If you are one of the 947 companies that rely on us (taxpayers) for a free ride, this newsletter is not for you; if you are a taxpayer without the bailout luxury read on and learn about two types of risk, tolerance and capacity. Risk tolerance is behavioral based and risk capacity is goal based, each type is different but equally important in the process to knowing your investment goals.
Risk tolerance is the degree in variability of investment returns that you, the investor, are willing to accept. Anytime you invest, whether in large or small amounts, the potential to lose money is there.
Understanding risk tolerance involves knowing that we have instinctive behavioral biases. These biases may affect the decisions we make in life and as investors. An example is recency bias, which would cause you to be overly confident in a bull market and especially doubtful in a bear market. In reality, how the market is currently performing should not affect your confidence in your investment choices…. but many times it does. Recency bias is one bias of many, the takeaway is for us to realize emotions and biases are part of being human and need to be accounted for when investing. When you get upset in your everyday life, you know to step away, eat, or maybe even sleep before dealing with the issue. If you don’t take time to reset, you may overreact and regret what takes place next. You should do the same when dealing with your investments. Don’t let your emotions of the moment cause you to make an irrational decision.
Risk capacity is how much “risk” you can afford. To know how much “you can afford,” you need to have answered: 1. Why am I investing? 2. What is my time horizon? and 3. What is my risk tolerance? With those questions answered, you are well on the way to knowing your risk capacity. The following is an example of risk capacity evaluation.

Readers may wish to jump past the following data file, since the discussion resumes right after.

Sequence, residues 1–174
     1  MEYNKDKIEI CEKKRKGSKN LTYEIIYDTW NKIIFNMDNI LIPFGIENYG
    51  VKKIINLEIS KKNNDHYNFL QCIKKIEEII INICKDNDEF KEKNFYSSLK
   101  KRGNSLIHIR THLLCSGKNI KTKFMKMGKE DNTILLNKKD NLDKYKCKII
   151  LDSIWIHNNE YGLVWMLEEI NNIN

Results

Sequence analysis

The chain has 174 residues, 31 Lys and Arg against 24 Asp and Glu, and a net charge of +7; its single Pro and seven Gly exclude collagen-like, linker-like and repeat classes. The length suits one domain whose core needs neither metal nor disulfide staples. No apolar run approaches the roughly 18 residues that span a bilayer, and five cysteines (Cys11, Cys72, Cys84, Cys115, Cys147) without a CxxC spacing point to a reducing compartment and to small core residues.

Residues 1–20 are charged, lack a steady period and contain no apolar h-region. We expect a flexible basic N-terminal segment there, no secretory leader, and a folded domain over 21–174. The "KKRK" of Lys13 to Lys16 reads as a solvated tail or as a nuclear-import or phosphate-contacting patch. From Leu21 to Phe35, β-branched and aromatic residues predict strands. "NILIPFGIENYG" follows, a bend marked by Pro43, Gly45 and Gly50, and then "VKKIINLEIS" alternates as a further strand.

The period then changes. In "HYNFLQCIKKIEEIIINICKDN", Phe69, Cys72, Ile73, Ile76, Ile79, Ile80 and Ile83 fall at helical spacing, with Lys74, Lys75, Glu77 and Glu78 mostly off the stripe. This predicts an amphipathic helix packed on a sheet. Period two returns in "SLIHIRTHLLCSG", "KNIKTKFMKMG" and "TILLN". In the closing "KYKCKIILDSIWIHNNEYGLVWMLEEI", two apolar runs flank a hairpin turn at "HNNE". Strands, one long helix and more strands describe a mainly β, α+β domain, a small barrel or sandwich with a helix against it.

1. Reason for investing? Retirement
2. Time Horizon? 10-30 years
3. Performance needed? You want $40,000/year from retirement until you pass
You currently have two investments, a pension and a 401(k). If the pension was set to distribute $40,000/year you could then say the 401(k) has an unlimited risk capacity. If you were not this blessed and the pension was set to distribute $20,000/year then your risk capacity for the 401(k) would be for your investment to grow enough to distribute $20,000/year over the 10-30 year period.
The next step will be to combine your risk capacity with your liquidity requirements (next newsletter).
Knowing your investment goal(s)
- Why am I investing
- What is my time horizon (next newsletter)
- What is my risk tolerance & capacity
- What is my liquidity requirements
- Choosing my investment goal
- Conservative Growth
- Preservation of Capital